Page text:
Julian Campbell finds that sculptor Peter McTigue’s traditional methods belie a resolutely Modernist vision.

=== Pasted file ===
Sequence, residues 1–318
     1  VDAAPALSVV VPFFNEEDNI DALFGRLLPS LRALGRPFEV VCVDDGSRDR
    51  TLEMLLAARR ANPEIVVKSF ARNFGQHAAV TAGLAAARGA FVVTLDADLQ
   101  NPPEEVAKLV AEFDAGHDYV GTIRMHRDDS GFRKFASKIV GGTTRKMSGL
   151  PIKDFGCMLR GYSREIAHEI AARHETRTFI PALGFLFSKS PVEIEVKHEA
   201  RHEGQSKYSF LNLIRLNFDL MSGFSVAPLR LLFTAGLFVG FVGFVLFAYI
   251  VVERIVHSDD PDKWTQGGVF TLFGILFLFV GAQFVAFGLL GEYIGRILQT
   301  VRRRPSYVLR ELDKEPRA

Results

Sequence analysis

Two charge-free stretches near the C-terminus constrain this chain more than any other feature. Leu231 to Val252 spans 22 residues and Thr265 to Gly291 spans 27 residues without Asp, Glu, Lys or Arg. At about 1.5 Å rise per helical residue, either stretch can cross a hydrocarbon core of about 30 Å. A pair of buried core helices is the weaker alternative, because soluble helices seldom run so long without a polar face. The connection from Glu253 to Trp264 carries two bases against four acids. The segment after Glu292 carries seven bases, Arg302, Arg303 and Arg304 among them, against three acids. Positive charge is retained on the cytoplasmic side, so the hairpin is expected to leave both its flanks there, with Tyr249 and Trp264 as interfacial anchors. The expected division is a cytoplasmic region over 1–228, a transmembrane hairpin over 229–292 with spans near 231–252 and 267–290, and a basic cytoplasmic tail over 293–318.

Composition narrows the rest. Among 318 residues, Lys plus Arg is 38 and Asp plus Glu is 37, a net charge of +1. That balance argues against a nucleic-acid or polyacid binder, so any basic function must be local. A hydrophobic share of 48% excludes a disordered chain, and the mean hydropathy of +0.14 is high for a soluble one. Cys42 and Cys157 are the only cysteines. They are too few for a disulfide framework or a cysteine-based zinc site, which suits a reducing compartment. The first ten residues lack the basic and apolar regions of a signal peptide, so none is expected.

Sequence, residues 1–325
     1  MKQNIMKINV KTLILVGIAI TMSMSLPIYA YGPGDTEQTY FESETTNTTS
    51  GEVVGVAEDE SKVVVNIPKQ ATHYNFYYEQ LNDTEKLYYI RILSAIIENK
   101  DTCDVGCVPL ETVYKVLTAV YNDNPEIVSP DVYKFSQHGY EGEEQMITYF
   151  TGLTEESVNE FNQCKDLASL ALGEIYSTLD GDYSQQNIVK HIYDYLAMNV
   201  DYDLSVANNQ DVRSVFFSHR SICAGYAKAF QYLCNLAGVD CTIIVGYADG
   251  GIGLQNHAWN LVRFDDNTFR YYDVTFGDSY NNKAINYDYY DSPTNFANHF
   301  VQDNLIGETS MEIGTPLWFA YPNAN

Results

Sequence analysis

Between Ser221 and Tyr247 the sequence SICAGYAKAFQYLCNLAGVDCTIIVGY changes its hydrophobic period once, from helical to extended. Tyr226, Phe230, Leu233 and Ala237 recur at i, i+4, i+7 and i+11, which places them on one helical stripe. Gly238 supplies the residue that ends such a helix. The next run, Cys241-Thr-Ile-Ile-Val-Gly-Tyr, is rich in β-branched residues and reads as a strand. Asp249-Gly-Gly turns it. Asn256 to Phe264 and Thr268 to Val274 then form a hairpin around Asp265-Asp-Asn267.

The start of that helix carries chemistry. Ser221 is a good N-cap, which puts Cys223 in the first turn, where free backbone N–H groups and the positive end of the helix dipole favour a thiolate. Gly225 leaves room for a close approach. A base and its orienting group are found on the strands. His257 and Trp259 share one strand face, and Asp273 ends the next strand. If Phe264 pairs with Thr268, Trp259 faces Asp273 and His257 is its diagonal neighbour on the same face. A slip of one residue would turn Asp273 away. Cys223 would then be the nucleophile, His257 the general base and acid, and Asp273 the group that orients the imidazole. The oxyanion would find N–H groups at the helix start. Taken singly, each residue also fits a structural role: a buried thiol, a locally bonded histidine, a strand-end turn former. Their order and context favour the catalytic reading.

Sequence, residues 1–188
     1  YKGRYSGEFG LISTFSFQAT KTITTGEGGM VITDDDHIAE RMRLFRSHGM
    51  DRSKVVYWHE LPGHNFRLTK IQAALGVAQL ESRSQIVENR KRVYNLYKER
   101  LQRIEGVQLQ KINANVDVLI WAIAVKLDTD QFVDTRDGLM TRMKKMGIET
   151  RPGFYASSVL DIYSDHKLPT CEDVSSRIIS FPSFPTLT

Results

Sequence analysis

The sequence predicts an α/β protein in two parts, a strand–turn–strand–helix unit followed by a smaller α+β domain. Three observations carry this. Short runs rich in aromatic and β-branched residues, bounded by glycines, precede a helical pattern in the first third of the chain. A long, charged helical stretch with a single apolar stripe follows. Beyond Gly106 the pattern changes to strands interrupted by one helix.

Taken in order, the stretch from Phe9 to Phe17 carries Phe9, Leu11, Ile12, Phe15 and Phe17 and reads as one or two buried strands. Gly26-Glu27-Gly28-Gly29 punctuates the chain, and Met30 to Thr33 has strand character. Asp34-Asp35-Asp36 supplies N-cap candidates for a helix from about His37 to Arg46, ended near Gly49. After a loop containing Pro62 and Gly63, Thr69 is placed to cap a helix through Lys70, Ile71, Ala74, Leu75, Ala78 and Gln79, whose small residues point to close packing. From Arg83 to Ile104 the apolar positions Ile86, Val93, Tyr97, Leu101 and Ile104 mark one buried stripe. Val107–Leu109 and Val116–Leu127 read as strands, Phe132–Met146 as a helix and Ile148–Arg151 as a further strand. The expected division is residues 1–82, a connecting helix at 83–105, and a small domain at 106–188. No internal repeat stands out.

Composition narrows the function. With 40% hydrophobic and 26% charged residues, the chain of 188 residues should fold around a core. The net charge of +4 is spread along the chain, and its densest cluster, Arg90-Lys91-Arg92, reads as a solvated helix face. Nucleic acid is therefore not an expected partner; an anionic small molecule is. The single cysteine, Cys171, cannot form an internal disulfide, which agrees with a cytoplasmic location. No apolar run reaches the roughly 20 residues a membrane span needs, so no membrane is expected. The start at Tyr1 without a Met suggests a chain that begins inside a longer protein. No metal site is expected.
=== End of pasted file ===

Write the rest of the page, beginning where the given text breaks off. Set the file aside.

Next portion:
Cork-based sculptor Peter McTigue was a student for eight years and a teacher of sculpture at art college for thirty-five. He has worked as a marble-carver for over fifty years. His work has been exhibited at the RHA and other venues in Dublin, Cork and elsewhere and has been praised by art critics. His sculptures have been acquired by the Crawford Art Gallery, the AIB and the Arts Council, commissioned for the chapel at Lough Derg and collected by other sculptors. He is amongst the leading Irish sculptors, yet his name has rarely been mentioned in dictionaries of Irish art or discussions of contemporary sculpture and he remains little known in the Irish art world. This may be partly because he uses traditional materials, primarily marble, and traditional techniques – carving by hand with a hammer and chisel – working with painstaking slowness. And partly because he shuns the limelight.
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